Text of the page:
Authors: Andreas Henne, Stefan Karch, Saba Golshaahi Sumesaraayi
Particle-based fluid simulation methods such as implicit SPH have many advantages over Eulerian grid-based methods. You can read all about it here.
One advantage that Eulerian approaches still enjoy over most particle-based solvers is the ability to model fluid adaptively. By using finer cells in regions of interest and coarser cells in others, an adaptive mesh can reduce computational effort by several orders of magnitude. If multiple levels of detail are so clearly beneficial, why are they still relatively rare for most particle-based solvers?
Disclaimer: This article shows simulation results that were produced with an internal beta of the upcoming PreonLab 5.0 and are not perfectly reproduceable in PreonLab 4.x or earlier.
Why particle-based adaptive simulations can be difficult
Figure 1: Velocity field of lid driven cavity simulation in PreonLab (with 1m/s lid speed, Re=1000, blue=0.0m/s, green=0.25 m/s, red=0.5 m/s). Left: Two particle levels (smaller particles near the walls) and no correction. Middle: Two levels and correction. Right: Uniform particle size. Without correction, the sudden changes in the particle distribution due to splitting or merging particles lead to unstable simulation results. For a closeup, see figure 2.
The basic idea for an adaptive particle-based solver is simple:
- Allow for particles of different sizes in a simulation.
- Split coarse particles if they get near regions of interest.
- Merge fine particles if they leave regions of interest.
How difficult can this splitting and merging be? It all depends on the specific solver you are using. The Preon solver derives the density field directly from the distribution of particles. With this approach, a particle does not carry a property “density” over time, instead its density is computed from the distribution of nearby particles. This effectively prevents any compression over time due to the accumulation of numerical errors. However, if you want to build an adaptive solver, this blessing becomes a curse. Splitting and merging inevitably changes the distribution of particles. Therefore, it also changes the density field which in turn can lead to artificial pressure forces.
The goal of an adaptive solver is to accelerate simulations. But it is useless if the simulation results are wrong – smaller particles do not automatically give you a better result! The image on the left in figure 1 shows this problem in a lid-driven cavity setup (read more about it here). Particles near the center are coarsened while particles near the boundary are refined. The artificial pressure forces due to splitting and merging violently disturb the velocity field and no stable state is reached.
Preserving the density field
Figure 2: Closeup of bottom right corner for two particle levels and no correction (left), two levels and correction (middle) and uniform particle size (right). The coloring (blue=0.0m/s, green = 0.01m/s and red=0.04m/s) is chosen to emphasize the vortices in the corners. Additionally, streamlines are plotted to show velocity directions. The adaptive simulation with correction matches the results of the uniform simulation well.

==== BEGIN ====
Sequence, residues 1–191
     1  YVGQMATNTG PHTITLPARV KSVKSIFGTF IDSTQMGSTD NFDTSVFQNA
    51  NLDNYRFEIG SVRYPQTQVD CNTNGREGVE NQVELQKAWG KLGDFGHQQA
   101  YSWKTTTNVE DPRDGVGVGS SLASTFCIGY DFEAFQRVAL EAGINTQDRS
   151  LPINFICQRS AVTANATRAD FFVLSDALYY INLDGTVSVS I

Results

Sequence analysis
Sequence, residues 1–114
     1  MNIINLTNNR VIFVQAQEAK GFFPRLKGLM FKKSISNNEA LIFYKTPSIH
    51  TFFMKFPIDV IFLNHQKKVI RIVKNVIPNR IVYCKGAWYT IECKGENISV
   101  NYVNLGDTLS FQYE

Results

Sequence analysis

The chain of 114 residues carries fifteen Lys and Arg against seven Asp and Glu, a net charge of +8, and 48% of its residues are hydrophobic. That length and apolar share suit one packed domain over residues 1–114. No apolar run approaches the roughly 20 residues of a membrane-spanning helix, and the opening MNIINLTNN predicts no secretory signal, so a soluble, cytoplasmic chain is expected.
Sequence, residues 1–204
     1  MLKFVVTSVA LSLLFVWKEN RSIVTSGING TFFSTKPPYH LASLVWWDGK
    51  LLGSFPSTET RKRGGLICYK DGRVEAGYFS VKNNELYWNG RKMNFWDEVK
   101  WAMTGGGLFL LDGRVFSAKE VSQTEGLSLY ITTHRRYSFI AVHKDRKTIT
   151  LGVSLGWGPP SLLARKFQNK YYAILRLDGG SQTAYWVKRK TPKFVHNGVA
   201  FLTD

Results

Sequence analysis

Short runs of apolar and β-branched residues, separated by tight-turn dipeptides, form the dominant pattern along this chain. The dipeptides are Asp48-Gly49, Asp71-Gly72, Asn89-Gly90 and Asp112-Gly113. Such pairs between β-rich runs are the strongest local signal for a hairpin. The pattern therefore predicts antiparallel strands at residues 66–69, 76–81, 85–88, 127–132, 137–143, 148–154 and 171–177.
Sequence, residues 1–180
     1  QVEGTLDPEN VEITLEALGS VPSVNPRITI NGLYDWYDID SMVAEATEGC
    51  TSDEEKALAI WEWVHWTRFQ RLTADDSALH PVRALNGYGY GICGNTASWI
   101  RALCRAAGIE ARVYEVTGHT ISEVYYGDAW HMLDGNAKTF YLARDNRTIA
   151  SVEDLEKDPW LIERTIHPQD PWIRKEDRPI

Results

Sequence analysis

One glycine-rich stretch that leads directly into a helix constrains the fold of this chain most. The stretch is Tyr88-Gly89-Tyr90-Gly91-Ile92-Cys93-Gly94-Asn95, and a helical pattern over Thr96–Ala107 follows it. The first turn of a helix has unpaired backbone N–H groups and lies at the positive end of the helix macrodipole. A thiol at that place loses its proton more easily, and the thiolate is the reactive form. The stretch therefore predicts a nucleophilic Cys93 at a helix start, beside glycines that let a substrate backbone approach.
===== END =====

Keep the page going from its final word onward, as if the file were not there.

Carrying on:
So how do we deal with these sudden changes in the particle distribution? Moving to a differential density update (as some other SPH solvers do) could help, but this would also create other challenges (most notably the prevention of compression over time). We also wanted to match our existing solver as close as possible to verify the results. We opted for a dedicated solver step to optimize the particle distribution so that it approximately matches the density field as it was before the splitting or merging. This works well but also adds a significant computational effort. For the upcoming PreonLab 5.0, we also adapted our implicit pressure solver so that this correction can be split into smaller changes across multiple simulation steps. This relaxes the burden on the correction step and improves overall performance if splitting and merging occurs often.
The lid-driven cavity is a perfect benchmark to verify this correction, because any artificial pressure forces will quickly distort the slow vortices that are expected to form in the corners. Figure 1 (middle) shows how the simulation with two particle levels and correction enabled reproduces the velocity field of the simulation with one particle level (right) well. Figure 2 shows a closeup of the bottom right corner with adjusted coloring to see the slow vortex that is expected to form there. With the correction enabled, we can almost perfectly reproduce the simulation results of the uniform simulation. This also indicates that the correction does not introduce artificial viscosity, which would smooth the velocity field.
But what about computation times?
Knowing that our adaptive solver matches the high-resolution uniform simulation for the lid driven cavity allows us to have confidence in the method. However at the end of the day, we are interested in computation times.
Read this article to learn how PreonLab 5.0 will overcome the limitations of PreonLab 4.x to deliver unprecedented speedups.